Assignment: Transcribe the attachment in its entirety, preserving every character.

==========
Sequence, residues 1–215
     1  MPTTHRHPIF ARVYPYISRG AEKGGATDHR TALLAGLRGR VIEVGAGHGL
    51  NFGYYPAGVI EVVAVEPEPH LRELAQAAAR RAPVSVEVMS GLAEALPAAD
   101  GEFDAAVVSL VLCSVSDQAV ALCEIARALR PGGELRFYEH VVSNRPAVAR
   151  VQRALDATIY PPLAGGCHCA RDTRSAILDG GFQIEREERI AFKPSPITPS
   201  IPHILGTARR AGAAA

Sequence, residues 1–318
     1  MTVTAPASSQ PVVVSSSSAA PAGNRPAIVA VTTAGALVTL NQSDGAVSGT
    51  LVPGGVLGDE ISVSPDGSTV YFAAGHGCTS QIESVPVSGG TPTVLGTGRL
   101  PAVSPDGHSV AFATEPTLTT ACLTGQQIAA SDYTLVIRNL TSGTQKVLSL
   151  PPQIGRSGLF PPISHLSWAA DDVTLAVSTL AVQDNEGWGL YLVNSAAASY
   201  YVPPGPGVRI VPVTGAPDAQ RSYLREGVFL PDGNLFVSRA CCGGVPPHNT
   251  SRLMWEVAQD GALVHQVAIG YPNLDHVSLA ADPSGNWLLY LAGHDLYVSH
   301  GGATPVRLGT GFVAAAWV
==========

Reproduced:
Sequence, residues 1–215
     1  MPTTHRHPIF ARVYPYISRG AEKGGATDHR TALLAGLRGR VIEVGAGHGL
    51  NFGYYPAGVI EVVAVEPEPH LRELAQAAAR RAPVSVEVMS GLAEALPAAD
   101  GEFDAAVVSL VLCSVSDQAV ALCEIARALR PGGELRFYEH VVSNRPAVAR
   151  VQRALDATIY PPLAGGCHCA RDTRSAILDG GFQIEREERI AFKPSPITPS
   201  IPHILGTARR AGAAA

Sequence, residues 1–318
     1  MTVTAPASSQ PVVVSSSSAA PAGNRPAIVA VTTAGALVTL NQSDGAVSGT
    51  LVPGGVLGDE ISVSPDGSTV YFAAGHGCTS QIESVPVSGG TPTVLGTGRL
   101  PAVSPDGHSV AFATEPTLTT ACLTGQQIAA SDYTLVIRNL TSGTQKVLSL
   151  PPQIGRSGLF PPISHLSWAA DDVTLAVSTL AVQDNEGWGL YLVNSAAASY
   201  YVPPGPGVRI VPVTGAPDAQ RSYLREGVFL PDGNLFVSRA CCGGVPPHNT
   251  SRLMWEVAQD GALVHQVAIG YPNLDHVSLA ADPSGNWLLY LAGHDLYVSH
   301  GGATPVRLGT GFVAAAWV